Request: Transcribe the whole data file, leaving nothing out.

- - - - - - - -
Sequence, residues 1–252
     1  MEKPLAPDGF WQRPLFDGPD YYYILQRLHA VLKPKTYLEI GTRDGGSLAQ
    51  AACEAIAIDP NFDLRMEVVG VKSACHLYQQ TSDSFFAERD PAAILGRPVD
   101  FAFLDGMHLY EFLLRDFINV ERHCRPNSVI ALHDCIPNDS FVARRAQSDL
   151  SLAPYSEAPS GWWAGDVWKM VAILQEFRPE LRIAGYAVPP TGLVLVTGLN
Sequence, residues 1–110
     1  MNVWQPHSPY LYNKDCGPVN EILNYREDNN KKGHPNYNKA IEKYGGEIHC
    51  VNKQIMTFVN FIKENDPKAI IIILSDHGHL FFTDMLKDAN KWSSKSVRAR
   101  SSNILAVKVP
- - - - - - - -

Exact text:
Sequence, residues 1–252
     1  MEKPLAPDGF WQRPLFDGPD YYYILQRLHA VLKPKTYLEI GTRDGGSLAQ
    51  AACEAIAIDP NFDLRMEVVG VKSACHLYQQ TSDSFFAERD PAAILGRPVD
   101  FAFLDGMHLY EFLLRDFINV ERHCRPNSVI ALHDCIPNDS FVARRAQSDL
   151  SLAPYSEAPS GWWAGDVWKM VAILQEFRPE LRIAGYAVPP TGLVLVTGLN
Sequence, residues 1–110
     1  MNVWQPHSPY LYNKDCGPVN EILNYREDNN KKGHPNYNKA IEKYGGEIHC
    51  VNKQIMTFVN FIKENDPKAI IIILSDHGHL FFTDMLKDAN KWSSKSVRAR
   101  SSNILAVKVP